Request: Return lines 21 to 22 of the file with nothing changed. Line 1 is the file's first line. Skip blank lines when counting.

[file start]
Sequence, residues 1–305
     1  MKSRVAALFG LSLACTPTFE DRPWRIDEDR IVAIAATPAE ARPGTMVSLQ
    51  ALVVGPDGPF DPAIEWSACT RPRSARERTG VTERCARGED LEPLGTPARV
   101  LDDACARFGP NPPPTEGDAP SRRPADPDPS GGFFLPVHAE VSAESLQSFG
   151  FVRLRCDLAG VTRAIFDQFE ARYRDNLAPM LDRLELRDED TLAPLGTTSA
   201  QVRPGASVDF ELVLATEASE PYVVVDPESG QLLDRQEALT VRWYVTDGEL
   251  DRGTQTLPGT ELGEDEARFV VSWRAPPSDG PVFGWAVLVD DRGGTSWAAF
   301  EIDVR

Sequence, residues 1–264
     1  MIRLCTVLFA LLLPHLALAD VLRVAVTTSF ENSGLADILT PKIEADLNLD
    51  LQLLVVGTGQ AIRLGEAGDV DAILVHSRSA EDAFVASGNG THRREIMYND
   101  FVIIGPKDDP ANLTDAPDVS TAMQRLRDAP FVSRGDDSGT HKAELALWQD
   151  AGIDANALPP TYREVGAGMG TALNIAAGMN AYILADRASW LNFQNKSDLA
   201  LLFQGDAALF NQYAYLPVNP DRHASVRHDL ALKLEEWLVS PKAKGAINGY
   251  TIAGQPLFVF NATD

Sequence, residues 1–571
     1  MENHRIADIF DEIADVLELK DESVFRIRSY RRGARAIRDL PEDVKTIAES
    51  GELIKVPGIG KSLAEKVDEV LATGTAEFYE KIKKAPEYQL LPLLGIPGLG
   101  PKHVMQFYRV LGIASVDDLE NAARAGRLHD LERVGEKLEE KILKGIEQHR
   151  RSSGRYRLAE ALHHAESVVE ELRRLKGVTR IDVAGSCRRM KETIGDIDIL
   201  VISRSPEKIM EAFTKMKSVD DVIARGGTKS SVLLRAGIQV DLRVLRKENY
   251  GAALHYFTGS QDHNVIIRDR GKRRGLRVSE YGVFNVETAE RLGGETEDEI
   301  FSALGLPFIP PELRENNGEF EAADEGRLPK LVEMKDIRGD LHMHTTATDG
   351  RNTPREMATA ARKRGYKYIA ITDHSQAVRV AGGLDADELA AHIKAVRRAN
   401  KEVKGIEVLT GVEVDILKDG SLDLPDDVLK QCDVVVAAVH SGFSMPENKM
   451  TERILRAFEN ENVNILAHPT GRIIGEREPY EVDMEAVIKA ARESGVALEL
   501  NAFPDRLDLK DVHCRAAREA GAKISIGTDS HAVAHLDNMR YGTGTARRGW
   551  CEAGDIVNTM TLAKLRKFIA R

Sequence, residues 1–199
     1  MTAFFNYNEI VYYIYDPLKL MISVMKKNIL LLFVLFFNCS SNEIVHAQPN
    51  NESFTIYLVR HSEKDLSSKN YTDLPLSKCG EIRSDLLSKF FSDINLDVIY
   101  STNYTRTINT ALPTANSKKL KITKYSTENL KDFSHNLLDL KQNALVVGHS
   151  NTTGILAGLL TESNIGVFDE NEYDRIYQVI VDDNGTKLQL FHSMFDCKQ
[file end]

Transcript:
   201  VISRSPEKIM EAFTKMKSVD DVIARGGTKS SVLLRAGIQV DLRVLRKENY
   251  GAALHYFTGS QDHNVIIRDR GKRRGLRVSE YGVFNVETAE RLGGETEDEI